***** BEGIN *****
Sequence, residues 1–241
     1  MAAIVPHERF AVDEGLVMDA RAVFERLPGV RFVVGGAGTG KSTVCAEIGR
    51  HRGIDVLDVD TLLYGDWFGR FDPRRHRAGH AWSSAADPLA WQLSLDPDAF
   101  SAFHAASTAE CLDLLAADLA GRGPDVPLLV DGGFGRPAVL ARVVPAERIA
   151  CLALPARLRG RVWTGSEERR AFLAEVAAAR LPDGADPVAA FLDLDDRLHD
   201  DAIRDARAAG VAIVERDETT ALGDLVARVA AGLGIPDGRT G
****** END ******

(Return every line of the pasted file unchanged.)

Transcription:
Sequence, residues 1–241
     1  MAAIVPHERF AVDEGLVMDA RAVFERLPGV RFVVGGAGTG KSTVCAEIGR
    51  HRGIDVLDVD TLLYGDWFGR FDPRRHRAGH AWSSAADPLA WQLSLDPDAF
   101  SAFHAASTAE CLDLLAADLA GRGPDVPLLV DGGFGRPAVL ARVVPAERIA
   151  CLALPARLRG RVWTGSEERR AFLAEVAAAR LPDGADPVAA FLDLDDRLHD
   201  DAIRDARAAG VAIVERDETT ALGDLVARVA AGLGIPDGRT G